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AY 6608; ICI 50123; NSC 367746; Boc-(β-Ala13)-Gastrin (13-17); Boc-β-Ala-CCK-4; Peptavlon; D01631
Molecular Formula
Long-term Storage Conditions
Pentagastrin has been used as a diagnostic aid as the pentagastrin-stimulated calcitonin test. Pentagastrin is also used as a stimulation test to elevate of several hormones, such as serotonin.
Pentagastrin is a synthetic pentapeptide that has effects like gastrin. When given parenterally it stimulates the secretion of gastric acid, pepsin and intrinsic factor.
Areas of Interest
Diseases diagnosis

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Pentagastrin is a synthetic pentapeptide that has effects like gastrin when given parenterally. It stimulates the secretion of gastric acid, pepsin, and intrinsic factor, and has been used as a diagnostic aid.

Our objective was to compare the onset and duration of a single dose of pantoprazole or omeprazole on maximally stimulated gastric acid secretion. This double-blind, randomized, placebo-controlled study involved 36 healthy adults and utilized continuous pentagastrin infusion to stimulate acid secretion after administration of pantoprazole, 40 mg, omeprazole, 20 mg, or placebo. Gastric aspirates were collected over 24 hr and analyzed for volume, pH, and hydrogen ion concentration, and gastric acid outputs (GAO) were calculated. Comparison between GAO and intragastric pH was performed. Pantoprazole resulted in significantly greater inhibition of GAO than omeprazole. Mean cumulative 24-hr GAO was 164 +/- 130 mEq for pantoprazole versus 283 +/- 159 mEq for omeprazole (P = 0.031). Pantoprazole patients reached and maintained GAO levels below the 10-mEq/hr threshold at 5.7 hr, whereas omeprazole patients never reached this threshold. We conclude that pantoprazole significantly suppressed gastric acid secretion compared to omeprazole. Comparisons between pH and GAO showed that GAO was a more appropriate measure of gastric acid secretion than intragastric pH.

Pratha, V. S., Hogan, D. L., Lane, J. R., Williams, P. J., Burton, M. S., Lynn, R. B., & Karlstadt, R. G. (2006). Inhibition of pentagastrin-stimulated gastric acid secretion by pantoprazole and omeprazole in healthy adults. Digestive diseases and sciences, 51(1), 123-131.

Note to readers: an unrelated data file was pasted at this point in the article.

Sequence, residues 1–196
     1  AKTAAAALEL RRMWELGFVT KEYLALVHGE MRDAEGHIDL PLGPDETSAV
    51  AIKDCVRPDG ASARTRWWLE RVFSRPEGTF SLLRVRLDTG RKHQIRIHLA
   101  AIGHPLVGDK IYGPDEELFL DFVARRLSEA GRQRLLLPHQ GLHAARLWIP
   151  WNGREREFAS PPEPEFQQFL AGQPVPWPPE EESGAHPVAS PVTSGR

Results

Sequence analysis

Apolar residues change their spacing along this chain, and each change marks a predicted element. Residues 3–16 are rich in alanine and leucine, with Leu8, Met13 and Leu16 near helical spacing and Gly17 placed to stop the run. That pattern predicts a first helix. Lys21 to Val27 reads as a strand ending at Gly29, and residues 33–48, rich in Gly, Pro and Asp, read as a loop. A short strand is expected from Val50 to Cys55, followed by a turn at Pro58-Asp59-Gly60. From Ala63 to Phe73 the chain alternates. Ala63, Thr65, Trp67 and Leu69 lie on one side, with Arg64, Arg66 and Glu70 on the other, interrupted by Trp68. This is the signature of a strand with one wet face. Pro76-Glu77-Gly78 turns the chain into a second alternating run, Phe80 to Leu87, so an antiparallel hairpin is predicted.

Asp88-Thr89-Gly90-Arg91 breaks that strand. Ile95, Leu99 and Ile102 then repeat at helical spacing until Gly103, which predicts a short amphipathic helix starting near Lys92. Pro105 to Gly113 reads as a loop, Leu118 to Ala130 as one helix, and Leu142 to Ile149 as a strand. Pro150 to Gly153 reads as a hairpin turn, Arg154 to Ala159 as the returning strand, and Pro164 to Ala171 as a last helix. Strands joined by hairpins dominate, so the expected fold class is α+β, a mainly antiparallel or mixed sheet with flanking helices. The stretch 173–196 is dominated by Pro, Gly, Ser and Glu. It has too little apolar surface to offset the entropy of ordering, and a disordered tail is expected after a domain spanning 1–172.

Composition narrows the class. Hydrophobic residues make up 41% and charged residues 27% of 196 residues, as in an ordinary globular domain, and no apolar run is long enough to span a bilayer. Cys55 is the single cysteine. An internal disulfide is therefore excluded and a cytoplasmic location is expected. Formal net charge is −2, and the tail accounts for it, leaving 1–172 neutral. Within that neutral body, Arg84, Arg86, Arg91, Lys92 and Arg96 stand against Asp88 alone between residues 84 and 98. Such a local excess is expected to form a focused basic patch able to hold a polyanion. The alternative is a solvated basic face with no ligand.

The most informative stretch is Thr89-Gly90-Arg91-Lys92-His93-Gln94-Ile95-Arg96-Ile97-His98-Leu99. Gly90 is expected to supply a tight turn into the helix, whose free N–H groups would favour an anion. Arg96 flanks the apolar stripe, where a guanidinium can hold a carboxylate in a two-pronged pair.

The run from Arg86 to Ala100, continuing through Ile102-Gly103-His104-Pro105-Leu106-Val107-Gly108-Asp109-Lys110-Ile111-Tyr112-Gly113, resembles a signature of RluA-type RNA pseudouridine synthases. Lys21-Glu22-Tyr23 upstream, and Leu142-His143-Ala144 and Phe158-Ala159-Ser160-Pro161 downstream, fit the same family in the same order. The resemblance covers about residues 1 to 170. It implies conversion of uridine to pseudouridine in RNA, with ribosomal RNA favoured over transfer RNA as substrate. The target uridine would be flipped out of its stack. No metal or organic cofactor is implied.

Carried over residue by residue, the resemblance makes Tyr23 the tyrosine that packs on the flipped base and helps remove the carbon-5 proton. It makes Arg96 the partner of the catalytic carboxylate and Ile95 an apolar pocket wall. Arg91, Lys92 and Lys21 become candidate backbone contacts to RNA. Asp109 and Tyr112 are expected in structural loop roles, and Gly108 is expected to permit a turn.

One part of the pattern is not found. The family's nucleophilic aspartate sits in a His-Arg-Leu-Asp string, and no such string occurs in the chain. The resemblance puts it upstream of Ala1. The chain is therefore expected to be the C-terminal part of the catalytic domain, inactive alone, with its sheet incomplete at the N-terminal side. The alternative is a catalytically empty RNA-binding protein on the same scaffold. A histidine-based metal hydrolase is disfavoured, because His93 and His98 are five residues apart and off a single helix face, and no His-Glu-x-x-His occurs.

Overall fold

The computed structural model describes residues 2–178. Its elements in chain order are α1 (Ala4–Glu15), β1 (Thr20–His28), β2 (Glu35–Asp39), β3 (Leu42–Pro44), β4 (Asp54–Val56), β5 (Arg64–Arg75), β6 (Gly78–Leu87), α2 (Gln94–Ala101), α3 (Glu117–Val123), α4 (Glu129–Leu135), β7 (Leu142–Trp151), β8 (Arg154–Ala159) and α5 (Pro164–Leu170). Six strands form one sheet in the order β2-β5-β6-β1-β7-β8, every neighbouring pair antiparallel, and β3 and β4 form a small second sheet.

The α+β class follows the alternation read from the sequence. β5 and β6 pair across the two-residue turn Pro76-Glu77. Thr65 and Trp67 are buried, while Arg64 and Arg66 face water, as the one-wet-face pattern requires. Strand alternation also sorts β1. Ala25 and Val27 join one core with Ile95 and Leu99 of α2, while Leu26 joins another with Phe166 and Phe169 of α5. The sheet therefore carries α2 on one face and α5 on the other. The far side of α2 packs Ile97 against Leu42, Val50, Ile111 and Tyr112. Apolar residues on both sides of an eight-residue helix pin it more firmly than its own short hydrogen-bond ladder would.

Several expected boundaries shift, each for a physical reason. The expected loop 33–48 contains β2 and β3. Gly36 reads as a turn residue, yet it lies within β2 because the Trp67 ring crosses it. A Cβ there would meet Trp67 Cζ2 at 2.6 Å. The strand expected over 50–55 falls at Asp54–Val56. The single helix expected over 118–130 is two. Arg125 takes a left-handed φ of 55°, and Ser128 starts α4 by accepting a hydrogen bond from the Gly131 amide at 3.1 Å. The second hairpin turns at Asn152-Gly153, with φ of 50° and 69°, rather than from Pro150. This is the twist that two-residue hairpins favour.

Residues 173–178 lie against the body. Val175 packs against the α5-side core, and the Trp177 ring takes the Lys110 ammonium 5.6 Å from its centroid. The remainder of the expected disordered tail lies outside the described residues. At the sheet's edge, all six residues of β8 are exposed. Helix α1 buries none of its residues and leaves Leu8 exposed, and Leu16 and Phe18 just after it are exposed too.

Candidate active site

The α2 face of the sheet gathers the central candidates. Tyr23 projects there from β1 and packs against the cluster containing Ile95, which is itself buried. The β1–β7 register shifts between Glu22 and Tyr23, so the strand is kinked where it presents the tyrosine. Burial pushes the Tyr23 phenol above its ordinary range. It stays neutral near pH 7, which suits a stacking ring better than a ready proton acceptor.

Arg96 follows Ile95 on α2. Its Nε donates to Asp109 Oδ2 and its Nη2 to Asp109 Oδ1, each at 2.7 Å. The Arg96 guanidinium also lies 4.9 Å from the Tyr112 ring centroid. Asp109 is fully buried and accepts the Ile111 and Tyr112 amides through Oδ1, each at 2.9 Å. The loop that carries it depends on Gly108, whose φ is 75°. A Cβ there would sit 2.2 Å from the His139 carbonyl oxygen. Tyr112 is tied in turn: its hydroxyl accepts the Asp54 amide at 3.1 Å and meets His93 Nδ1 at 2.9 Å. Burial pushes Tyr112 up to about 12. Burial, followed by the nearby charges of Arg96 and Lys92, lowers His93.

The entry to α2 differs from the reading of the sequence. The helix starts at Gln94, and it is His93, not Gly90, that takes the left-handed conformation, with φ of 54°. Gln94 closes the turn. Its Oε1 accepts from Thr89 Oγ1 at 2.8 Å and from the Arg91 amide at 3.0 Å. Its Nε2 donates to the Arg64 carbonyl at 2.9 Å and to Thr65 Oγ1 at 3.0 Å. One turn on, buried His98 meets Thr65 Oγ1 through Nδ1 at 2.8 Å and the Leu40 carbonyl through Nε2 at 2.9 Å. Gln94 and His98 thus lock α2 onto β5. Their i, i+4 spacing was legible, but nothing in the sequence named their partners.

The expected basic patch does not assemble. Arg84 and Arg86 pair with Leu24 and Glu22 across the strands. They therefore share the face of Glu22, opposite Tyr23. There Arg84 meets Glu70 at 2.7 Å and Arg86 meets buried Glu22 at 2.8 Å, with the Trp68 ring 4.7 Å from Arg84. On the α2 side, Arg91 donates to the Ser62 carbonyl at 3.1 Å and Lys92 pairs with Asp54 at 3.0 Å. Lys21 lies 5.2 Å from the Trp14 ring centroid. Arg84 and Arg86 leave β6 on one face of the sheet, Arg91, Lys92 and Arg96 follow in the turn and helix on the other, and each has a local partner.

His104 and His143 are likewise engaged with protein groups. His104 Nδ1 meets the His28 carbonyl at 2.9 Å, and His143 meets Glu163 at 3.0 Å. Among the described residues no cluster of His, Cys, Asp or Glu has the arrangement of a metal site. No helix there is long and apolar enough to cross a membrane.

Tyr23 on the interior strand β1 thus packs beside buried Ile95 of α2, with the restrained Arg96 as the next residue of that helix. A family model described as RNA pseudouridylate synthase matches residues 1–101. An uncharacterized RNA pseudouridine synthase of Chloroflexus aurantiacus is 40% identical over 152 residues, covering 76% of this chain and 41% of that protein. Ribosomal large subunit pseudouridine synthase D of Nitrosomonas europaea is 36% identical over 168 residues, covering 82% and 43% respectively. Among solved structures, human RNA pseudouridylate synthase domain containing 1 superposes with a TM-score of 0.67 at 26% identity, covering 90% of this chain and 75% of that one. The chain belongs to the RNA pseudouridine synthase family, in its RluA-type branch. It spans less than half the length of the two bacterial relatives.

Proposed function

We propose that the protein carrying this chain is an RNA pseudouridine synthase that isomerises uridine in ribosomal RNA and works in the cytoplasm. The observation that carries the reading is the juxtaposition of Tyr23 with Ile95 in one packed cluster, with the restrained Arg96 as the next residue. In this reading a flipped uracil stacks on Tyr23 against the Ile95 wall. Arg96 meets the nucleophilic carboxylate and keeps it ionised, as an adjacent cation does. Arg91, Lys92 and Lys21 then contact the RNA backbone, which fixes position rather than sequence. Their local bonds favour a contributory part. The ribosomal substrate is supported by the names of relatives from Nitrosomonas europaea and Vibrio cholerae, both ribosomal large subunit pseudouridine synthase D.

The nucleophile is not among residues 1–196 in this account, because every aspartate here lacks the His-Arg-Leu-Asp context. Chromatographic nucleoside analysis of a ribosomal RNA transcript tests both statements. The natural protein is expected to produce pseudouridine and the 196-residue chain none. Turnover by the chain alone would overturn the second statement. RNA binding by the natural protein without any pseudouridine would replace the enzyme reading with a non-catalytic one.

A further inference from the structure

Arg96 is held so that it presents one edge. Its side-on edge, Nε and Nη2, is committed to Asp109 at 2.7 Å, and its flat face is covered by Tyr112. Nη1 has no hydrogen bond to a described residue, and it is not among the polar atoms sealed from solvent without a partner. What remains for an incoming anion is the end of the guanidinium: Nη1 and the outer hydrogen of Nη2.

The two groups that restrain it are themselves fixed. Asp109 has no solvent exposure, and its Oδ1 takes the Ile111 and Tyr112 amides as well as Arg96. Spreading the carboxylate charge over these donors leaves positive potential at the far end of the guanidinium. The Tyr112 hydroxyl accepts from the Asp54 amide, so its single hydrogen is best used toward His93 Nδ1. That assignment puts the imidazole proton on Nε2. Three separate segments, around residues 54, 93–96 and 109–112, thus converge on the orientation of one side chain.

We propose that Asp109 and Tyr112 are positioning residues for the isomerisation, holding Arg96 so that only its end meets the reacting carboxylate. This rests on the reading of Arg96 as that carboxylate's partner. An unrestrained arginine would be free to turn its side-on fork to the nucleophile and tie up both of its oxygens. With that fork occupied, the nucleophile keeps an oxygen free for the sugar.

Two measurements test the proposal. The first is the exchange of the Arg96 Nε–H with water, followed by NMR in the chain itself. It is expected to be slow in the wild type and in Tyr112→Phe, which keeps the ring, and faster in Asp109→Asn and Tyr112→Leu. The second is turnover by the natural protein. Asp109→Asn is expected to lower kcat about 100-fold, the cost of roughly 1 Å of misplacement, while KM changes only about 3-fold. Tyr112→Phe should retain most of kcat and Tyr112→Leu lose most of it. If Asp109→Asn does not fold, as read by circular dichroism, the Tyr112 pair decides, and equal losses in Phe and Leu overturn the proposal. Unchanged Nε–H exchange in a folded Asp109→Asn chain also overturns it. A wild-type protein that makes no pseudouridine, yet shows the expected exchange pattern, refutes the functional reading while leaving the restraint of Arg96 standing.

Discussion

Intravenous injections of CCK-B agonists, such as pentagastrin, produce symptoms of panic and potent activation of the human hypothalamic-pituitary-adrenal (HPA) axis. It is unclear whether these psychological and endocrine effects are mediated by similar or independent processes. Independence is supported by prior evidence that beta-adrenergic receptor blockade attenuates cardiovascular and symptom but not vasopressin responses to CCK-4. To further explore associations between somatic, emotional and endocrine responses to CCK-B agents, and potential beta-adrenergic mediating mechanisms, symptom and endocrine responses to pentagastrin were examined after propranolol pre-treatment. Cardiovascular, symptom, and endocrine (ACTH, cortisol, epinephrine) responses to pentagastrin were measured in 16 healthy adult subjects randomly assigned to receive propranolol or placebo pre-treatment. Propranolol significantly blocked the normal cardiac acceleration produced by pentagastrin, but did not reduce panic symptom or anxiety effects. It delayed and perhaps enhanced the cortisol response. No relationship between HPA and symptom responses following pentagastrin could be detected, though pre-pentagastrin cortisol was inversely related to post-injection panic symptom intensity. Endocrine, cardiovascular and symptom responses to pentagastrin appear to be separately mediated, as they did not change in concert in response to propranolol pre-treatment, nor were they correlated with one another. The results are consistent with the presence of inhibitory beta-adrenergic mediation of the HPA axis in humans. They support the hypothesis that the HPA response to pentagastrin is not secondary to the psychological stress of its side effects.

Khan, S., Liberzon, I., & Abelson, J. L. (2004). Effects of propranolol on symptom and endocrine responses to pentagastrin. Psychoneuroendocrinology, 29(9), 1163-1171.

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